The ‘smart toys’ or ‘toys-to-life’ phenomenon is generating a lot of interest because of its massive and rapid success. Smart toys are creating a new form of entertainment without really breaking with the function of toys or that of video games, and are at least as immersive as the two pastimes in their own right. Smart toys now constitute a new market segment, halfway between the video game and toy industries. Four industry players comprise the bulk of the market:
- Activision Blizzard with its Skylanders series, which has sold nearly 300 million figurines worldwide (8 games published since 2011)
- Disney Games with Disney Infinity, which brings to life its own characters and the universes of its subsidiaries: Pixar, Marvel, Star Wars
- Nintendo, which offers ‘amiibo’ figurines of its most popular characters (more than 10.5 million figurines sold in six months)
- At the end of 2015, LEGO gatecrashed the market with LEGO Dimensions and, after experimenting with smart toys with an earlier product called LEGO Fusion, its entrance was successful.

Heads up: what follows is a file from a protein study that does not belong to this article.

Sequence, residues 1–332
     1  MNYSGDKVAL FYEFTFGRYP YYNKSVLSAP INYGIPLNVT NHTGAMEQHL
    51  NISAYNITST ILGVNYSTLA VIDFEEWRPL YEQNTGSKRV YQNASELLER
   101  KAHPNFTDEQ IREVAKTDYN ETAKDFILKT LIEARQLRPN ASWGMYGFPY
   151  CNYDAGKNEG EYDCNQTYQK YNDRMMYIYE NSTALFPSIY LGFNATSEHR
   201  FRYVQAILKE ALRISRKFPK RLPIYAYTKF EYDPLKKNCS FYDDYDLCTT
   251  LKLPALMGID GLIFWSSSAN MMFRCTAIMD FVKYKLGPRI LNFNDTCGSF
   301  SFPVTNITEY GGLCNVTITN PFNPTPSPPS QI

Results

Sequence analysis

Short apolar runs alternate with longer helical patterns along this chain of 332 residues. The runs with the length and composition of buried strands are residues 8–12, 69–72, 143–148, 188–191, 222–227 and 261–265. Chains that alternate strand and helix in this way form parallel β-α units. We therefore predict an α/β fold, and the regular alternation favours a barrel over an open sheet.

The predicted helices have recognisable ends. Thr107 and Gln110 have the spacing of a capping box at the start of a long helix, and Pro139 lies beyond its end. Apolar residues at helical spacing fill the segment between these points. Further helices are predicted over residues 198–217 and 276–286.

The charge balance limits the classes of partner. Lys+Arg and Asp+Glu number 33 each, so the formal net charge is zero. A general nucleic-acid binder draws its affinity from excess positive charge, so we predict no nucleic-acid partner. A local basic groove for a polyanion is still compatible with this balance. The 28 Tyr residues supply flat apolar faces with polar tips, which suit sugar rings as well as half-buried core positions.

Other industry players, toy manufacturers and video game publishers, such as Hasbro and Mattel, are still at the trial phase or performing ‘market tests’.
The main lessons learned from events in 2015 reflect the challenges faced and the successes achieved.
- The ‘user experience’ is central to the smart toy phenomenon, combining tangible objects — which may or may not be connected — with digital entertainment applications. This has given rise to the term ‘phygital’ to describe the experience.
- Business models based on the collection of figurines, dependent on video games to varying extents, continue to evolve and could incorporate Free-to-Play.
- Development models are primarily based on a so-called ‘first party’ or ‘second party’ approach. These operating models still leave little room for new entrants.
- There is a clear dichotomy between ‘mainstream’ smart toys, produced by industry giants for fixed and visible platforms on the big screen, and new entrants offering their solutions on mobile platforms, where the barriers to entry are not so high.
- The success of LEGO shows that convergence between toy manufacturers and video game companies is effective and can lead to AAA toys built around AAA video games.
The success of the smart toys video game segment is based on familiar universes that already have an audience of fans. There are still many fantasy worlds as yet untapped and therefore represent promising avenues for growth.
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